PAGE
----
7    For unclean spirits, crying out in a loud voice, came out of many possessed people, and many paralyzed and crippled people were cured. 8 There was great joy in that city. 14 Now when the apostles in Jerusalem heard that Samaria had accepted the word of God, they sent them Peter and John,

Two of the twelve are sent from the mother Church in Jerusalem to incorporate the Samaritan community into the greater body of the Church.

15 who went down and prayed for them, that they might receive the Holy Spirit, 16 for it had not yet fallen upon any of them; they had only been baptized in the name of the Lord Jesus.

This is not to infer that their baptism was not a sacramental one, but points out the difference between baptism and confirmation. Note that the two apostles do not re-baptize but confirm. The distinction implied here between baptism and receipt of the Holy Spirit has always posed a problem for interpreters. It is no doubt a device used by Saint Luke to insist that the gift of the Spirit comes through the Church, represented by the college of the twelve in Jerusalem. Recall that Samaritans and Jews had nothing to do with each other; yet here are the apostles ministering to the Samaritans.

17 Then they laid hands on them and they received the Holy Spirit.

This passage bears witness to the existence of baptism and the gift of the Holy Spirit (confirmation) as two distinct sacramental rites. The most important effects Christian baptism have are the infusion of initial grace and the remission of original sin and any personal sin; it is the first sacrament one receives, which is why it is called the “door of the Church”. There is a close connection between baptism and confirmation, so much so that in the early centuries of Christianity, confirmation was administered immediately after baptism.

2nd Reading - 1 Peter 3:15-18

Having heard in the introduction to our first reading about the start of the persecutions of the Christian Church, we now hear Saint Peter tell us the Christian approach to persecution.

15    [S]anctify Christ as Lord in your hearts.

The Lord of Isaiah 8:13 is God; here the title is applied to Christ.

Always be ready to give an explanation to anyone who asks you for a reason for your hope,

Not just a conviction about future expectations, but the very essence of the motivation of the new people of God, the Christians. We have an imperishable and undefiled inheritance as we heard in 1 Peter 1:4 (2nd Sunday of Easter, Cycle A).

“We must be so well instructed in the knowledge of our faith that whenever anyone asks us about it we may be able to give them a proper answer and to do so with meekness and in the fear of God. For whoever says anything about God must do so as if God Himself were present to hear him.” [Didymus the Blind (ca. 381), Catena]

16    but do it with gentleness and reverence, keeping your conscience clear, so that, when you are maligned, those who defame your good conduct in Christ may themselves be put to shame.

“Act in such a way that those who revile you because they cannot see your faith and your hope for a heavenly reward may see your good works and be put to shame by them, because they cannot deny that what you are doing is good. For it is quite certain, my brothers, that those who despise your good behavior will be put to shame when the last judgment comes and they see you crowned along with Christ, while they are condemned along with the devil.” [Saint Bede the Venerable (ca. A.D. 416), On 1 Peter]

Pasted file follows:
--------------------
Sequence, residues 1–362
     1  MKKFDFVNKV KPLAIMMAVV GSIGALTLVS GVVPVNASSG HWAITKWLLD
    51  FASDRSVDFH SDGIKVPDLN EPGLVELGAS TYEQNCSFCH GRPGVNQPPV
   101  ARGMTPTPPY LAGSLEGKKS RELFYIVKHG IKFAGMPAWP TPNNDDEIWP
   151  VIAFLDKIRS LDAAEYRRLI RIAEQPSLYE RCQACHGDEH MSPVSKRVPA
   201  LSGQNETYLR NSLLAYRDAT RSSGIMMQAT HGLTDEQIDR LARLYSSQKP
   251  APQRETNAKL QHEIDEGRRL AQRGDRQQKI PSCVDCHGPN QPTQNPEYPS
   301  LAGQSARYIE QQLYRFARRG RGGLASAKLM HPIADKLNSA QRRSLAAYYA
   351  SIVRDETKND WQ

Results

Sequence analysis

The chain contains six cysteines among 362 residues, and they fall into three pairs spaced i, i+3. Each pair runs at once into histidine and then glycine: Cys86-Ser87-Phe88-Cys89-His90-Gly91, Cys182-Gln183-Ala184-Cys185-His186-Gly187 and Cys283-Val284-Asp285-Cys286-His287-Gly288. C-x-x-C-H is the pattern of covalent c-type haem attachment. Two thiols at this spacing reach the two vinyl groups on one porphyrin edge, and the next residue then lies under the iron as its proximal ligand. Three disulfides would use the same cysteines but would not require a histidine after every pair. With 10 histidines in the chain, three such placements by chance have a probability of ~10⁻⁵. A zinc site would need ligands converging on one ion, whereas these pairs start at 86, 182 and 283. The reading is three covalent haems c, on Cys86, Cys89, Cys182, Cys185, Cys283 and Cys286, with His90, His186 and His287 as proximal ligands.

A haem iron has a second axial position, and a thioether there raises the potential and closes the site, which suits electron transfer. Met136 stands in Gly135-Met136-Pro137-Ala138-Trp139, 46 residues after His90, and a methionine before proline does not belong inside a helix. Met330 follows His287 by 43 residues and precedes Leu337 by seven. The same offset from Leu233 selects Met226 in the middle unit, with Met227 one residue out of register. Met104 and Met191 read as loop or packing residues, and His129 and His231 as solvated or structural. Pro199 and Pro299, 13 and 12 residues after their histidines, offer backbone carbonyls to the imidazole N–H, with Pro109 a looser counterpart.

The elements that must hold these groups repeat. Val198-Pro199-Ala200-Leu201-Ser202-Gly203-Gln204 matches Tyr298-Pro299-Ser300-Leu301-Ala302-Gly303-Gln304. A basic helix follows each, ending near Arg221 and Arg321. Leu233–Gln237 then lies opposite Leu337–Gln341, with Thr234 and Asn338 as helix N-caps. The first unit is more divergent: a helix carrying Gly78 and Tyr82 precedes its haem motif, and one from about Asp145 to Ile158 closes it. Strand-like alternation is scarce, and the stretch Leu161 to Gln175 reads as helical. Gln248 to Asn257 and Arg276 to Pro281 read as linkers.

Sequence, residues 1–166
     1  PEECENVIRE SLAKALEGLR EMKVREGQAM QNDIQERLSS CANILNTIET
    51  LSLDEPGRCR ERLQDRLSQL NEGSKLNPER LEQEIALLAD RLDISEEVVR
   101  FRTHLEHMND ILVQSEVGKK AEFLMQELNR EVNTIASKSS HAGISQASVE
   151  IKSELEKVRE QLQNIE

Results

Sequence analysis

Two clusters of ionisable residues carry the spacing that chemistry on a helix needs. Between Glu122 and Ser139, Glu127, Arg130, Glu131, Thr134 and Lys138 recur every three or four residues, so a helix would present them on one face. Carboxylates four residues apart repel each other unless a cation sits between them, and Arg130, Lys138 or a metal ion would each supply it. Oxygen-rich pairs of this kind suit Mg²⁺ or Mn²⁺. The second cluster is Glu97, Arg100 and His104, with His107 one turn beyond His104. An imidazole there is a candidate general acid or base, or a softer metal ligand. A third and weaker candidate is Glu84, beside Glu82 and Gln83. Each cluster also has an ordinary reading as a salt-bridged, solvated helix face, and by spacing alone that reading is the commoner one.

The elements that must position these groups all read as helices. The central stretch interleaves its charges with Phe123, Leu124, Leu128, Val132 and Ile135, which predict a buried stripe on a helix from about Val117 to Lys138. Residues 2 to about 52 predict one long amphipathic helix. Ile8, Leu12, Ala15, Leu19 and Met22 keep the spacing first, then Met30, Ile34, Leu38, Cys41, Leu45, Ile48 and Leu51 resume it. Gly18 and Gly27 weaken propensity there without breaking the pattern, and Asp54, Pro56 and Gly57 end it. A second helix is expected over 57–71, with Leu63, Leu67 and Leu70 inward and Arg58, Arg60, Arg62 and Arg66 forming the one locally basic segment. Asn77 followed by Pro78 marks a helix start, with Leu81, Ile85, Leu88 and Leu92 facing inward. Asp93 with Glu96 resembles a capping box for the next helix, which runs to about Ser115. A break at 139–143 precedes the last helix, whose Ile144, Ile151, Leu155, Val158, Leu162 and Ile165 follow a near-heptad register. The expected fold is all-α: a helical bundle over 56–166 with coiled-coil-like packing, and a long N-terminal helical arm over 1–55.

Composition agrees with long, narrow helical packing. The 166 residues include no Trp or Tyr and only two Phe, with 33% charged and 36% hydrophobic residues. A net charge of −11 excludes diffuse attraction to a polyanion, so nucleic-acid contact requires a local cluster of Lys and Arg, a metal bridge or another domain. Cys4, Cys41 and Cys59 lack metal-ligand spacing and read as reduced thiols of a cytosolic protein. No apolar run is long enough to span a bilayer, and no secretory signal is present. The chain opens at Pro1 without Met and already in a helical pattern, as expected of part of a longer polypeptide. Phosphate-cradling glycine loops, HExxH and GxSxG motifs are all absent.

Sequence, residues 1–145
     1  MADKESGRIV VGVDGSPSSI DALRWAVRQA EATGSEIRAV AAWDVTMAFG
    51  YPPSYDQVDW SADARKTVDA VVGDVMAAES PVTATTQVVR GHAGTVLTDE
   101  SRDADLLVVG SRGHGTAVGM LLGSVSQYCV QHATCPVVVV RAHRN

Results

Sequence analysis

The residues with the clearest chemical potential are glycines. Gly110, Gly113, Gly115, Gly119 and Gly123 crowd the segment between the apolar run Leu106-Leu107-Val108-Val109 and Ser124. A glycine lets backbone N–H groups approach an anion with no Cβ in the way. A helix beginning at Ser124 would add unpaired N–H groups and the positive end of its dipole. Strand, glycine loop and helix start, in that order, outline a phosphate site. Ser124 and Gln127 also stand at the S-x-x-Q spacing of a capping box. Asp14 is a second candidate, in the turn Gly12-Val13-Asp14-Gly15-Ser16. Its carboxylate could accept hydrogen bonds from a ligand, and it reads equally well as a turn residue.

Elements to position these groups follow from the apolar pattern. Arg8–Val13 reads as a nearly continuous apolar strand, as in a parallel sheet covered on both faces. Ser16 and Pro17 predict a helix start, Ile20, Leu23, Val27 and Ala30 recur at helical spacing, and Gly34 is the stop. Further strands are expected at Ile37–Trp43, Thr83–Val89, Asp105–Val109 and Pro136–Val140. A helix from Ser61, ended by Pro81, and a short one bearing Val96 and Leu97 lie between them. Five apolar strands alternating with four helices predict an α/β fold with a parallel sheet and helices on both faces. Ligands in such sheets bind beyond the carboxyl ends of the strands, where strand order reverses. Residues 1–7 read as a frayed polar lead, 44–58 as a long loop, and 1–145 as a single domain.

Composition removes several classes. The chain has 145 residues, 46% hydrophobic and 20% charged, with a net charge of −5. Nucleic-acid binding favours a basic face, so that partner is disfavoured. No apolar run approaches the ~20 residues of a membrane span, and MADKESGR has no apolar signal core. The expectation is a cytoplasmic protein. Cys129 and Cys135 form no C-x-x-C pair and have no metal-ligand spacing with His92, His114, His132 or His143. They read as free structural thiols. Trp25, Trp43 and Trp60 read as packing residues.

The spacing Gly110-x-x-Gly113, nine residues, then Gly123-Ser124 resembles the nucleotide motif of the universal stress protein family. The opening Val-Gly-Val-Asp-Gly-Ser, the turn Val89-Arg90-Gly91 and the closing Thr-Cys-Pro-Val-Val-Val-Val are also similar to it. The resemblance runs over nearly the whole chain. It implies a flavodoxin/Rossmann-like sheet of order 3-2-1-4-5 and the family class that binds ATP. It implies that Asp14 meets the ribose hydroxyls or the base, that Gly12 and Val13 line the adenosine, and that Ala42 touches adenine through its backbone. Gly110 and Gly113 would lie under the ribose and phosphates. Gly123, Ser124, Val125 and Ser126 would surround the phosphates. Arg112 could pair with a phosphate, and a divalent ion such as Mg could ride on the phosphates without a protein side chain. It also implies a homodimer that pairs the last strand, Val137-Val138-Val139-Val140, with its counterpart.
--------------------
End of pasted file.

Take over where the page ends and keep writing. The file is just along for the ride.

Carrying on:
17    For it is better to suffer for doing good, if that be the will of God, than for doing evil.

Two weeks ago (4th Sunday of Easter, Cycle A), we heard this applied to slaves; now it is made more general.

18    For Christ also suffered for sins once,

Peter proposes Christ’s example as a motive of patience in the persecution – but he also emphasizes the unique character of His death, in view of man’s redemption.

the righteous for the sake of the unrighteous,

“The righteous” is the early Church’s descriptive term for Jesus.

that he might lead you to God.

Christ’s death was not only a model, but gave men new access to God. By taking upon Himself the covenant curse brought upon mankind by the sin of Adam, Christ broke down the barrier between God and man.

Put to death in the flesh,

In His physical, earthly condition in which He resembles all other men.

he was brought to life in the Spirit.

At the resurrection, Christ became pneuma (spirit). Raised by the Father’s glory, Christ was endowed with a power making Him a living Spirit.

Gospel - John 14:15-21

Our reading for today is a continuation of our gospel reading for last week. We are at the Last Supper, just after Judas has left and Jesus has told the remaining eleven that He must soon depart too.

Jesus said to his disciples: 15 “If you love me, you will keep my commandments. 16 And I will ask the Father, and he will give you another Advocate to be with you always,

Here, and in verse 26, the Spirit is said to be sent by the Father in the Name of Christ. In John 15:26 Christ sends Him from the Father – Christian tradition has spoken of the procession of the Holy Spirit both as from the Father through the Son and as from the Father and the Son. The Spirit is “another” Advocate because the Son Himself has been the first. Some translations use the term Paraclete instead of Advocate; Paraclete is a legal term that had been taken into Jewish use, signifying an advocate/ helper/ mediator.

17    the Spirit of truth,

This term partially defines the role of Advocate, to guide the Church in truth. Truth is His characteristic as it has been that of the first Advocate.